Canada’s trade deficit totalled $1.9 billion in January, a narrowing from December’s $3.1 billion deficit, StatsCan reported Wednesday.

That narrowing “was where the good news ended,” says CIBC senior economist Andrew Grantham in an economics report, as the deficit was “driven exclusively by a plunge in imports.”

Imports decreased 4.3%, mainly due to lower volume of industrial machinery, equipment and parts, reports StatsCan. Exports fell 2.1%, mainly on fewer passenger cars and light trucks.

Grantham notes that export volumes dropped by a “disappointing” 4% to their lowest since June 2016. The drop in exports is “a bad indicator for monthly GDP,” he says.

The “soft recent trend in exports, and the greater uncertainty for the future resulting from U.S. tariffs” give reason for the Bank of Canada to “sound less enthused on the outlook” at its rate decision this morning, Grantham says. The BoC held the overnight rate target at 1.25%.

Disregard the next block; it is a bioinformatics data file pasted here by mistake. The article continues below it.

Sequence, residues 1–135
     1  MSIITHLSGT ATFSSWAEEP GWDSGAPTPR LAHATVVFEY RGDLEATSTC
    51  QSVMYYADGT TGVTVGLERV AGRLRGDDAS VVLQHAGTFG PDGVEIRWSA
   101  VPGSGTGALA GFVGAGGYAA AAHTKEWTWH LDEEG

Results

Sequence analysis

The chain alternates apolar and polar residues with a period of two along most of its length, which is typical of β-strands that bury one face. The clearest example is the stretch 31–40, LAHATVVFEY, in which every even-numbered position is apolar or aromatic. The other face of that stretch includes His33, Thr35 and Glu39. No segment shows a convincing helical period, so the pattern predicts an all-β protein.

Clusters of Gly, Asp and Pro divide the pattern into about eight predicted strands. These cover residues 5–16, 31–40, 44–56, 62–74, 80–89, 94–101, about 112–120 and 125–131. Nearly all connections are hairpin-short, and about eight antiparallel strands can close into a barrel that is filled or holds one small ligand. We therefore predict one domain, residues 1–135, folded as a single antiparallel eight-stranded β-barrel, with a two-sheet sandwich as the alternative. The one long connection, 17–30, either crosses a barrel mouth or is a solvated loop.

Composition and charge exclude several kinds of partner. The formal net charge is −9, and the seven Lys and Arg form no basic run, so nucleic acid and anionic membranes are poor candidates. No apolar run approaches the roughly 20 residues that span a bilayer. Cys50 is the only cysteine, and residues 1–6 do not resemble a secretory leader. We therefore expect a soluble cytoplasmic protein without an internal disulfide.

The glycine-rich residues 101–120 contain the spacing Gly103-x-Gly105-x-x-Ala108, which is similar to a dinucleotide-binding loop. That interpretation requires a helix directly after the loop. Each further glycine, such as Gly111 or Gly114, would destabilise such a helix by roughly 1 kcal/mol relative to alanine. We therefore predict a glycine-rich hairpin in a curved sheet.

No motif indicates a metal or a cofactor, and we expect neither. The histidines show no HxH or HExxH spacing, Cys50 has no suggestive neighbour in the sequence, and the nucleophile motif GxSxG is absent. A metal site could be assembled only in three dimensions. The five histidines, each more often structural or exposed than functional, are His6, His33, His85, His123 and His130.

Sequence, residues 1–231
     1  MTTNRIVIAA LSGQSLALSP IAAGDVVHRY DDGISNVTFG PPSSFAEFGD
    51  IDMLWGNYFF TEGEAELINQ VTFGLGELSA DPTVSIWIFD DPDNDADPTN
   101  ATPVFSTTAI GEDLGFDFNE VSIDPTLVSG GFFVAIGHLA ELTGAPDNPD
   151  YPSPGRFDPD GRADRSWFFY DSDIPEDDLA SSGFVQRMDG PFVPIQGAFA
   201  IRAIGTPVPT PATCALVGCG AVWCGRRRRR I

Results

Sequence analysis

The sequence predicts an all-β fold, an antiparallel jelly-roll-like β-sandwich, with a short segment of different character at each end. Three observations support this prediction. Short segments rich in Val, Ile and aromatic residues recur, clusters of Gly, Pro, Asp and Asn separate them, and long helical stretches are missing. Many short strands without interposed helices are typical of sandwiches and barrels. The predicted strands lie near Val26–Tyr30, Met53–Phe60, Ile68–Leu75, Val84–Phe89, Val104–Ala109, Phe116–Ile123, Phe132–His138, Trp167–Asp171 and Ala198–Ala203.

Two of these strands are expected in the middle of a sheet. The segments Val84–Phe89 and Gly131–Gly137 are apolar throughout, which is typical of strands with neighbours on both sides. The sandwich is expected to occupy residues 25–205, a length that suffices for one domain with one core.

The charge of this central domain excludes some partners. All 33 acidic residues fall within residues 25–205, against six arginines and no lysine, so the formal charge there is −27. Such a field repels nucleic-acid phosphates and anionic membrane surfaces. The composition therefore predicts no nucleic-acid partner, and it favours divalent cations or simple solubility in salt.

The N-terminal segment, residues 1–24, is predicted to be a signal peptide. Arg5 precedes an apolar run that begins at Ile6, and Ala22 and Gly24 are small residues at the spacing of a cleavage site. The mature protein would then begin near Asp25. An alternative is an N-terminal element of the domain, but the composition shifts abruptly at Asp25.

Read: How a U.S. trade war could affect markets

Notably, nominal imports and exports in January occurred as the loonie gained 2.2 U.S. cents on average relative to the U.S. dollar from December to January, says StatsCan. Import prices fell 0.4%, and export prices grew 1.5%.

“However, import prices were down in nine of 11 commodity sections, while export prices fell in every commodity section except energy products,” says StatsCan. “Excluding the price of energy products, which rose sharply in January, the prices of both imports (-1.1%) and exports (-1.8%) fell.”

Despite the numbers, “we probably shouldn’t read too much into a single month of declines in imports and exports,” says Grantham, noting that market reaction was limited after the report was released.

“However, exports have disappointed for a number of months now, and with increased uncertainty for the future due to steel/aluminum tariffs and NAFTA renegotiations, the BoC will be correct in sounding more cautious regarding that part of their forecast and taking it very slowly in moving interest rates higher from here,” he says.

Read the full reports from StatsCan and CIBC.

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